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Destination: Freedom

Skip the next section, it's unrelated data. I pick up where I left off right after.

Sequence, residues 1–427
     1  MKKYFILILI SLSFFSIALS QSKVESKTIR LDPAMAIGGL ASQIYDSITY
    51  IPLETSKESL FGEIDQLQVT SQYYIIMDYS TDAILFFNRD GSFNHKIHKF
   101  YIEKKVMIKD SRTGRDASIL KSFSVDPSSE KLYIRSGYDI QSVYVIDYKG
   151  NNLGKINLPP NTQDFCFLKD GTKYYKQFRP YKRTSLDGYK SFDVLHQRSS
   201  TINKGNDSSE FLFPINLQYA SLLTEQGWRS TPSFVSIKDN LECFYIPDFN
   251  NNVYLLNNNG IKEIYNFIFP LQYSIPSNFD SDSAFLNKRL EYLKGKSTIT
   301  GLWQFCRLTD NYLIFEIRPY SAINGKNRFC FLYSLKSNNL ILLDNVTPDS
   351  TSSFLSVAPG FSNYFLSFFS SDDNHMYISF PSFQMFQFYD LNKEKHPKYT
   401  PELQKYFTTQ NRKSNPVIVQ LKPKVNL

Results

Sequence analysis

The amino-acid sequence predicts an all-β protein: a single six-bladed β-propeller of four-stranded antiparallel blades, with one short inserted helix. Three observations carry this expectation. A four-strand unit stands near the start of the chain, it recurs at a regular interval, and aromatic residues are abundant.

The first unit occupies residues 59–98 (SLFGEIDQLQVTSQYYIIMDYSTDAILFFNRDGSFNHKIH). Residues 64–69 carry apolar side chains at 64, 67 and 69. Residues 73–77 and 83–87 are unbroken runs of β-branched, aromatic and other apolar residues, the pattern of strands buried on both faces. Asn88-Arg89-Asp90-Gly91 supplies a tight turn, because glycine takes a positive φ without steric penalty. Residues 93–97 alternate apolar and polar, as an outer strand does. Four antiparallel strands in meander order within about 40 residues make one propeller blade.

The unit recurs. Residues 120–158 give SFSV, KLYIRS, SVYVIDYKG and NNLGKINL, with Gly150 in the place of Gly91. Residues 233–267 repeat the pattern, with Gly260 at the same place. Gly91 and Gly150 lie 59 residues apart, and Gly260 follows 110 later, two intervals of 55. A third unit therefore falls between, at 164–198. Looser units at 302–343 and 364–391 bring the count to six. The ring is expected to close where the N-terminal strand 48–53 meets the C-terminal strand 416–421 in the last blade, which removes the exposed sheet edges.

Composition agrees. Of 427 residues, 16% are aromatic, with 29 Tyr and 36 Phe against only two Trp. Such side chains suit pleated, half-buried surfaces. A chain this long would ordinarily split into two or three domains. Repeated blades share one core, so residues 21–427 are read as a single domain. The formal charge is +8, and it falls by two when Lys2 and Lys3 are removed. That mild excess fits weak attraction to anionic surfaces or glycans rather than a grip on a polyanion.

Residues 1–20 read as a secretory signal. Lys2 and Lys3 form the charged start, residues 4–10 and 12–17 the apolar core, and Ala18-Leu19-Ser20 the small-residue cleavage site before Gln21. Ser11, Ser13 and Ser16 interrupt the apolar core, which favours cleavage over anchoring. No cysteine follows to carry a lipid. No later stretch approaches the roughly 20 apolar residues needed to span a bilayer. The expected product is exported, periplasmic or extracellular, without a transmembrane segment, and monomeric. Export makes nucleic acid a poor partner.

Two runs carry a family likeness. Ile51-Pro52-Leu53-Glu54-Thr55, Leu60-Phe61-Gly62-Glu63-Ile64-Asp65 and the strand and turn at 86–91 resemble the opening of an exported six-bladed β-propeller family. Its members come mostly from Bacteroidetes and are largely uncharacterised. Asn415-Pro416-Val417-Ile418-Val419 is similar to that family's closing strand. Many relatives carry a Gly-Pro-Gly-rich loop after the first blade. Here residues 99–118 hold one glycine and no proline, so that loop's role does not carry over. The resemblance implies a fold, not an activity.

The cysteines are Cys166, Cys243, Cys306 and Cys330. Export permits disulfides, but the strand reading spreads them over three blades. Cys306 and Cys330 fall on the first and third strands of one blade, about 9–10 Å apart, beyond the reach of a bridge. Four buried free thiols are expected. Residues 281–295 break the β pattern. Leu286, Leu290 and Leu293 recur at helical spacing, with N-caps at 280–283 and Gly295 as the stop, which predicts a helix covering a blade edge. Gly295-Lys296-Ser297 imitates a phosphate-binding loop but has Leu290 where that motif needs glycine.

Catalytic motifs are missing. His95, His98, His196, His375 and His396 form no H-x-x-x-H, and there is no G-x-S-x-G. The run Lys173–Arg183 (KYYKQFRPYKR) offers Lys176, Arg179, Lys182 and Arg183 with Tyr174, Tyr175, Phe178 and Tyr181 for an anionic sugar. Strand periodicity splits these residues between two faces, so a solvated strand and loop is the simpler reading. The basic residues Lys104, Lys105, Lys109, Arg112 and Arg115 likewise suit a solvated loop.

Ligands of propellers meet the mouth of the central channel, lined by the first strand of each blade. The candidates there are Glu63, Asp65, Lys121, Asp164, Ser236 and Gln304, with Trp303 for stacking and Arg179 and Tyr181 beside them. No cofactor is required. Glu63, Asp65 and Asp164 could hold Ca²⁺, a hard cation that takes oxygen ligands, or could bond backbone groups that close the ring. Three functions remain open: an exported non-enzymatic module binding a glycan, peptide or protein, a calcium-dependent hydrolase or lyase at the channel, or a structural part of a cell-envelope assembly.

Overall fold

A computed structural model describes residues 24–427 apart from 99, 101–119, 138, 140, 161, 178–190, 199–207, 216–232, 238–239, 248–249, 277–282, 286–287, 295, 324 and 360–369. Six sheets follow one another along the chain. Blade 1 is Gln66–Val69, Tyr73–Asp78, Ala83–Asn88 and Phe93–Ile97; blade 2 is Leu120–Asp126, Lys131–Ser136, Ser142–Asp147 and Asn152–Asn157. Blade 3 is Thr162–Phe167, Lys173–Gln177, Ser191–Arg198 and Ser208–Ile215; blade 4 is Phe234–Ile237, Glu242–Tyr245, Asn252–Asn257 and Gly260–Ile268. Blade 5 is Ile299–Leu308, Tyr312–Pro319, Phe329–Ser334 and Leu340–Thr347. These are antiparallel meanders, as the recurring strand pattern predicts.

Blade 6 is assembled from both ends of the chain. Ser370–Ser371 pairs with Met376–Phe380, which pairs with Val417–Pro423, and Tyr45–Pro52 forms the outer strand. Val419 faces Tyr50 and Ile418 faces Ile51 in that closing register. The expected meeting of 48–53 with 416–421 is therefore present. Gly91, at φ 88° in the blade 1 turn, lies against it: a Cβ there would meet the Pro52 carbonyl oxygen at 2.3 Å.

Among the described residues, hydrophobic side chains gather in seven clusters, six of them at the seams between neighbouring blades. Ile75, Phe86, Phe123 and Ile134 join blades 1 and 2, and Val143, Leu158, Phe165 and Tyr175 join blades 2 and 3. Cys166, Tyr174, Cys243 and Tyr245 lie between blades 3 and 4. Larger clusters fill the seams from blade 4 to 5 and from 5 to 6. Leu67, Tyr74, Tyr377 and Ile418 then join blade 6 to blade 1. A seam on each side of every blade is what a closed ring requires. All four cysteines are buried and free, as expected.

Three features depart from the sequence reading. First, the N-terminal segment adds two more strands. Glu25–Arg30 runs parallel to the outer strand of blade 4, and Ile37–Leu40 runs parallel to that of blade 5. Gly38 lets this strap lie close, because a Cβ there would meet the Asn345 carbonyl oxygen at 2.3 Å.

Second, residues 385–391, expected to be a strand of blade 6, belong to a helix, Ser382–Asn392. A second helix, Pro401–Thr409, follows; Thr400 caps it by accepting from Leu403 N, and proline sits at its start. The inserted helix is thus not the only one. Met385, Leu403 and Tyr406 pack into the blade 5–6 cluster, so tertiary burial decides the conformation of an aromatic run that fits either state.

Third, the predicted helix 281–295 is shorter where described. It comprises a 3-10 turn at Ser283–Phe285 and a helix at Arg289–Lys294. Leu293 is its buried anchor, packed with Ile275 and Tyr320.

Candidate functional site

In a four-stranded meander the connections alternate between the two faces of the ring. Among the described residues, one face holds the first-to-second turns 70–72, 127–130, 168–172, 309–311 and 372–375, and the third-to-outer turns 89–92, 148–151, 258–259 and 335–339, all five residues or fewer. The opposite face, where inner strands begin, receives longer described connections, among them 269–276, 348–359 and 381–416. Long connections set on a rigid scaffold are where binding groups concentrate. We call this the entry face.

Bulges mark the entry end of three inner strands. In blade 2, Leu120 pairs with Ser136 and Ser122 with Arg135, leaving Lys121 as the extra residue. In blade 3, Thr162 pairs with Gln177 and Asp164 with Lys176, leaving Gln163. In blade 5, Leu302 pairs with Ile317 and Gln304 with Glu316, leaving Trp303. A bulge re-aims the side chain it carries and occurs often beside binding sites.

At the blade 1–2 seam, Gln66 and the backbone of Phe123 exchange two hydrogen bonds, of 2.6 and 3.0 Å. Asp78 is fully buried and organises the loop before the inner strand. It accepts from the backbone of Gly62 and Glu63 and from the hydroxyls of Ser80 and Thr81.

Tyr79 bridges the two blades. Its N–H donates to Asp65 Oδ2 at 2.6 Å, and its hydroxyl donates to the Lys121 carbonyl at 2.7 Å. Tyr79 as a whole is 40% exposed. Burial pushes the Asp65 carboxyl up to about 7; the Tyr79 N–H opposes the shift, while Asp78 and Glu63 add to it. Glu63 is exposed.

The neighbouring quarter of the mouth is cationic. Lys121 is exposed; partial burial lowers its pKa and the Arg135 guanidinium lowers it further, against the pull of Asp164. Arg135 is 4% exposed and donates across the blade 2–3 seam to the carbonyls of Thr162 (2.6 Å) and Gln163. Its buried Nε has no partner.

Rosa Parks couldn’t have died at a better moment. A nation atomized and nearly asphyxiated in the 21st century by political, economic, cultural, racial and judicial factions — a nation no one predicted lay in wait 50 years past the moment Parks started a revolution of conscience in 1955 — was more than eager to pay its respects. More than eager to recall a proud moment in what we once felt was our collective history. From social crusaders to die-hard segregationists, whatever one thought of Rosa Parks, her sit-down in 1955 in Montgomery, Alabama, was the ultimate moment of truth in a 350-year-long crisis — and everybody knew it. What she did demanded a response, and everyone knew that, too. In 1955, it was not about polls or partisan politics or games of one-upmanship, things we take so seriously now but which have always been mere tissue paper over the rock the Rosa Parks moment touched on, landed on, the igneous rock of American character that always asked the question, sometimes in a murmur, other times in a shout: What kind of people are we? It was a big question, loud, awful in the most biblical sense, which is why Orval Faubus and George Wallace tried to block integration so dramatically some years later, why college students who’d never been South in their lives risked them to travel there and register black people to vote. For all the ugliness and for all the battles that wound up half-won, it was a romantic time in our history; we know that now. Rosa Parks challenged us to fight for our soul, and we accepted the challenge. As with the Civil War, the outcome of the fight is almost another discussion, but that we engaged in it to the extent that we did feels, in the increasingly forgiving glow of hindsight, like some sort of triumph.We don’t have triumphs like that anymore. We don’t pose big challenges to ourselves, and we don’t engage. We certainly don’t have heroes or symbols, especially plain citizens like Parks who, in simply standing her ground — or staying in her seat — helped change the course of national events. Last but hardly least, we have precious few black figures whom we feel good about eulogizing these days, people who mainstream America would define as a “uniter” — in short, those who have dropped the cause of black freedom or softened it sufficiently to merit the title, ease white and/or suburban anxiety and earn a seat at the table of power. (You have to wonder, what will be said of Jesse Jackson, Louis Farrakhan or even Kweisi Mfume when they’re gone? Not the same that will be said of Barack Obama.) Ironically, “uniter” is not a label Parks was given in 1955, or one that she would have even accepted as accurate — while her cause was universal, her actions divided plenty of people along racial lines, inspiring at least as much bone-deep hatred among whites as tentative hope among blacks that change would finally come.We have made many strange, uncourageous compromises since Rosa Parks’ uncompromising moment, and so there has been a rush to remember her but not the current state of black inequality (following an American credo of when in doubt, focus on the individual to the exclusion of issues), which is what we really need to examine if we want to fairly assess her legacy. But no one did.So it was that her body lay in state and was accorded honors reserved for dead presidents — however deserving she was of such treatment, it was also overcompensation for the fact that as a country, we buried Parks’ straightforward brand of race activism and quiet vigilance years ago. So it was, too, that everyone crowded the podium to lay claim to her pioneering spirit, including Condoleezza Rice, an Alabama native who solemnly declared that without Parks and the civil rights movement she catalyzed, she most likely would not be speaking now as secretary of state. True enough, though there’s much more to that equation than meets the eye; a conservative, Rice has long been known for a distinct lack of empathy for anything resembling black interests, has advanced in part because of it, and could not have been what Parks had in mind when she imagined better and more empowering times ahead for black people in a post-segregation world. Though even as a hagiography, Parks is proving something of a Rorschach test for racial justice specifically and social justice in general: To people like Rice and her benefactor George W. Bush, she changed things forever. To the Rev. Al Sharpton and U.S. Rep. John Conyers, D-Michigan, she fostered a movement that was brilliant but is far from finished, a movement that is up to us and to future generations to complete. To media mogul and self-affirmation queen Oprah Winfrey, Parks’ greatest contribution was forcing the world to acknowledge the humanity of all, though in her very public life and myriad projects, Oprah frequently alludes to, rather than spells out, a racial reality that still sullies the ideal.But it is the ideal of Parks that everyone is equally happy to seize on in troubled times — as reassurance or as a palliative, as a much-needed moral critique or a symbol of the bold people we once were and might be again. A tenuous unity at best, though it’s always encouraging for me to remember that in the beginning, before she set off one of the most significant movements and forged one of the most significant moments in the dwindling moments in our collective history, Rosa Parks acted alone.


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